Bargnes said the plaque was paid for by the city of Chicago in 2019. Bargnes said due to delays brought on by the COVID-19 pandemic, it was not ready for installation until the fall of 2020. He said, “the installation must take place in warmer months, and DPD’s contractor is in discussions with the property owner to install it later this year.
Since it was designated a landmark in 2017, there have been 20 warm months in Chicago. And although the pandemic created many delays throughout the city, installing a small historic marker is an outside task that is of little more risk than working indoors. In fact, during the pandemic city workers have paved roads, cleaned streets and filled potholes in city neighborhoods. More than two years passed before the pandemic struck the city in March, 2020. What delayed the installation of the plaque during that period?
The Crusader sent these additional questions to Bargnes, who did not respond by Wednesday, September 15, for the print edition.
In August, The New York Times named The Johnson Publishing Company building on its list of 25 most significant works of postwar architecture.
It took two years to build the Johnson Publishing Company building before it was completed in 1971.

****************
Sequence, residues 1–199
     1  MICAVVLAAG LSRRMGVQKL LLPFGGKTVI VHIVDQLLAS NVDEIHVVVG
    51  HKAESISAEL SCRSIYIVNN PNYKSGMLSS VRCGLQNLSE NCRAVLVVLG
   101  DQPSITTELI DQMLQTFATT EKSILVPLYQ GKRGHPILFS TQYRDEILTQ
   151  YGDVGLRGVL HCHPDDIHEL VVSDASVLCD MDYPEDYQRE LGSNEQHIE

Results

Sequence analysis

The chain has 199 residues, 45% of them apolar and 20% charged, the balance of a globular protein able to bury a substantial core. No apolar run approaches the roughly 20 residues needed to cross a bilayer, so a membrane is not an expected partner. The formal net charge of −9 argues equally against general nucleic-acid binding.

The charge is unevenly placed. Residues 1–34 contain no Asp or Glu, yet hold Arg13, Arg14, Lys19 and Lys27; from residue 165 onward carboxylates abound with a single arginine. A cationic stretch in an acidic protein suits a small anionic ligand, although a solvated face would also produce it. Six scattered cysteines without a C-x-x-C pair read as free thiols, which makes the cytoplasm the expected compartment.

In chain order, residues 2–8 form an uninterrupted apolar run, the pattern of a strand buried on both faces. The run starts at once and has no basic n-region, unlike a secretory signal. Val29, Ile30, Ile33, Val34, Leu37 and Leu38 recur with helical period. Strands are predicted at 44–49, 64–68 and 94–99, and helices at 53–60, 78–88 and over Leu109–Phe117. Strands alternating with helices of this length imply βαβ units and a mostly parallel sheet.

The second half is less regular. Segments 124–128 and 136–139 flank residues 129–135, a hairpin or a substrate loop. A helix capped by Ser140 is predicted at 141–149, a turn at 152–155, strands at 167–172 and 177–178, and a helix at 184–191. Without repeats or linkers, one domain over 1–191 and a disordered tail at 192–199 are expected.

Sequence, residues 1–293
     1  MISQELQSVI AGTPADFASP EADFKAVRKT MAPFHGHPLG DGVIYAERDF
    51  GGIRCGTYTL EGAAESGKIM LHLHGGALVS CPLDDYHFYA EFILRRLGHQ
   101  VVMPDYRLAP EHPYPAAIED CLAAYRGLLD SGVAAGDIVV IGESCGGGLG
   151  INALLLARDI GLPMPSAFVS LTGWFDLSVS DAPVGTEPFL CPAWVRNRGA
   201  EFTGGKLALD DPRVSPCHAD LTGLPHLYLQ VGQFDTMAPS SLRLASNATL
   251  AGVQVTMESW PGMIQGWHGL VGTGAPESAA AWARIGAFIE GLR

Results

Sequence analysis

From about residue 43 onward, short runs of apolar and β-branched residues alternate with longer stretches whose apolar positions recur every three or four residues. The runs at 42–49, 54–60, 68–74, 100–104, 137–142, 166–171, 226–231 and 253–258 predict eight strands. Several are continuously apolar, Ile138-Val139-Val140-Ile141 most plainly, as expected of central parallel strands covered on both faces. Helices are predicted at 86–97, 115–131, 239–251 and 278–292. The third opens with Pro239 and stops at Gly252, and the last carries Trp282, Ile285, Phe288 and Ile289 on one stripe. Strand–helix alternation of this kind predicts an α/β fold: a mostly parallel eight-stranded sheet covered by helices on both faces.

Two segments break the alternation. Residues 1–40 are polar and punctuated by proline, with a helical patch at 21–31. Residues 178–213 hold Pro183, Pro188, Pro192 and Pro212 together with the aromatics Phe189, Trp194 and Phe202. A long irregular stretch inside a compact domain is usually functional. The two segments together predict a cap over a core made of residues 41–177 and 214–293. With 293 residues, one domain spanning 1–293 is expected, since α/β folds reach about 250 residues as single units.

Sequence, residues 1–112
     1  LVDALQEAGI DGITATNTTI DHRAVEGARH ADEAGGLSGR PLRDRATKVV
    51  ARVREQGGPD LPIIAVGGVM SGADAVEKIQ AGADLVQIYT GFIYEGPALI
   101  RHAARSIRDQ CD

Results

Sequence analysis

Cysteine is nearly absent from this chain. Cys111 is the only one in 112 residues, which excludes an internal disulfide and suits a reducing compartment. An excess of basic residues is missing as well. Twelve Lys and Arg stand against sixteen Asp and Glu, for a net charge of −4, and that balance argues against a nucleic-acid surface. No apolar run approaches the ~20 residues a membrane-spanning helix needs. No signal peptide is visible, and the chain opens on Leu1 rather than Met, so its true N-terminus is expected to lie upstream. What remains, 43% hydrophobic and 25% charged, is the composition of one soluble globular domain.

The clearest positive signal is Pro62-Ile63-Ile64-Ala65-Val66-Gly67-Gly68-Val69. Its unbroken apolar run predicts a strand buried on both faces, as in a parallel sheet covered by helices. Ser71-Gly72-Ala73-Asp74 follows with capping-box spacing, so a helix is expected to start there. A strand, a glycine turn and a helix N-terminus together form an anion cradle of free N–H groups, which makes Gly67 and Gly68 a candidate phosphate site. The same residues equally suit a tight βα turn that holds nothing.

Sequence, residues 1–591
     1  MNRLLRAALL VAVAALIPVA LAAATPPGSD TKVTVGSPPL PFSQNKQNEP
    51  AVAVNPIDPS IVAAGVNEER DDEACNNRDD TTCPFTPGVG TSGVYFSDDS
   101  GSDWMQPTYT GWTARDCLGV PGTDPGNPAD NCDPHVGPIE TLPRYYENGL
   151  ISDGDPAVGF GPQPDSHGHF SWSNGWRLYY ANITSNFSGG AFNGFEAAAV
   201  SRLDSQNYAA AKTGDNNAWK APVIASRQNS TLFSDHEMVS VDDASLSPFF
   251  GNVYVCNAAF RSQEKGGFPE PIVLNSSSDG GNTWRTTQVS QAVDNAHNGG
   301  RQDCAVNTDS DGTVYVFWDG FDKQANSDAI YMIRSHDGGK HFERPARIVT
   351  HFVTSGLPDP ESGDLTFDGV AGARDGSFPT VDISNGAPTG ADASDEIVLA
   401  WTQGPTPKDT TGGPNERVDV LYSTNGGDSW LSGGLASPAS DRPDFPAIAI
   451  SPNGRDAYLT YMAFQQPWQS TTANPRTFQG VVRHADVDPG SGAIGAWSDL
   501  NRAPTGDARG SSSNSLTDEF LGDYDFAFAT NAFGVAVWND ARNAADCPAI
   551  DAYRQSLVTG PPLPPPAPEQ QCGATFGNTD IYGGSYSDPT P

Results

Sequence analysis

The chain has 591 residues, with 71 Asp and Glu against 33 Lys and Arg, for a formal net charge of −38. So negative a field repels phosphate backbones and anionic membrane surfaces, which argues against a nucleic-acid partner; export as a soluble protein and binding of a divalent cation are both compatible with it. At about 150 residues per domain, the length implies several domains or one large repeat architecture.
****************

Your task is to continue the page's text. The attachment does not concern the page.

Years after using his mother’s furniture to secure a $500 loan to build his media empire, John H. Johnson hired famed Black architect John Moutoussamy to design the 11-story building, which at the time cost $8 million to build.
Before that, Johnson Publishing Company operated out of three locations on the South Side, including the historic Supreme Life Insurance Building on 35th and King Drive. To purchase the building of a white funeral home at 1820 S. Michigan Ave., John Johnson had a white friend deal with the owner while he posed as a Black custodian who dressed in work clothes to inspect the building. Johnson bought that building in trust for $52,000 so no one could identify the purchaser and spent $200,000 renovating it.
In December 1971, Johnson moved his company to its final location further north at 820 S. Michigan Ave. across from Grant Park. With no Black-owned business in the area, it was a bold, historic achievement. When his building opened, John H. Johnson held a grand opening ceremony that closed part of Michigan Avenue. Then-Mayor Richard J. Daley was among many dignitaries to attend the ceremony. Pulitzer-prize winning author Gwendolyn Brooks wrote and read a special poem for the occasion.
At 820 S. Michigan Ave., Johnson Publishing Company’s success took off as it cemented itself as the media capital of Black America. Subscriptions soared into the millions as Black celebrities and politicians made numerous visits to the house that John H. Johnson built.
When Reverend Jesse Jackson moved to Chicago from North Carolina in 1964, it was John H. Johnson who gave him a job working on the loading dock and selling Ebony and Jet magazines.
John H. Johnson died in 2005. His wife, Eunice, who started the Fashion Fair cosmetics line, died in 2010. Later that year, the building was sold to Columbia College for $8 million. 3L Real Estate bought it for $10 million in 2017.
In 2019, Johnson Publishing Company was dissolved after it filed for Chapter 11 bankruptcy. Today, Ebony and Jet are owned by former NBA star Ulysses “Junior” Bridgeman.